We spoke to CCTV consultant Simon Lambert about CCTV lighting and you can hear his advice on this short video.
Source: Watch: CCTV lighting – Strengthening the commonest weak link in surveillance systems
His comments encompass:
- The prevalence of poor CCTV lighting
- How to improve image quality through better surveillance lighting
- And why datasheets are not necessarily a reliable barometer for judging CCTV lighting
Below that is a transcript if you prefer to read his comments.
CCTV consultant Simon Lambert on CCTV lighting
“By far and away the weakest link in most systems is the lighting. Consequently, if you can get the lighting right you can make major strides forward in getting a good picture – especially at night-time.
“Because quite often, the lighting on site may be behind the subjects that you’re interested in. It’s OK for safety – it’s OK for people not to fall over the pavement and for normal walking about – but from the camera’s point of view the lighting might be behind them.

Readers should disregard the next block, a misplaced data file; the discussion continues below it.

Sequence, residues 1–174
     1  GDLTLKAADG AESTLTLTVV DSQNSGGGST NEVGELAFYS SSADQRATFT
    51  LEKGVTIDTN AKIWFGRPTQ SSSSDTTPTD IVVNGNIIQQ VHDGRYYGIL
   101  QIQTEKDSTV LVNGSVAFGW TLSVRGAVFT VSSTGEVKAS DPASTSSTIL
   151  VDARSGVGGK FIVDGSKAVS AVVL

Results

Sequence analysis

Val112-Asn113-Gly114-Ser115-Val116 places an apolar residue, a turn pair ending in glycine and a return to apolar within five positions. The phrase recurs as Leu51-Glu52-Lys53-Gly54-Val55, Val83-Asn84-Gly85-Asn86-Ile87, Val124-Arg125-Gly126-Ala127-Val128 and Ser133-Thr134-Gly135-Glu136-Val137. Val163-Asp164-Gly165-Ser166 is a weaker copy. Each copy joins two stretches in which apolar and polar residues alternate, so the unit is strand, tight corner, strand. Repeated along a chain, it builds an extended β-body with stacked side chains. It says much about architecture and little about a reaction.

“So the person or the vehicle appears to be a silhouette. Well if you just saw my outline and I was completely silhouetted – how would you identify me?”
It’s a very difficult thing to do. So the lighting needs to be from the front. The lighting needs to be from the direction in which the camera is looking.
“And if that means extra lighting specifically for the CCTV, then that front-on lighting, bright, is the key.
“Camera specifications that we’ve all read on datasheets, they tend to be optimistic – very, very optimistic – and when we’ve been in the workshop and measured these things with scientific instruments and the like, we’ve found that the figures are rarely anywhere near realistic.
“So actually over the years we’ve found you tend to need a lot more light than the datasheets suggest to get a clear picture.”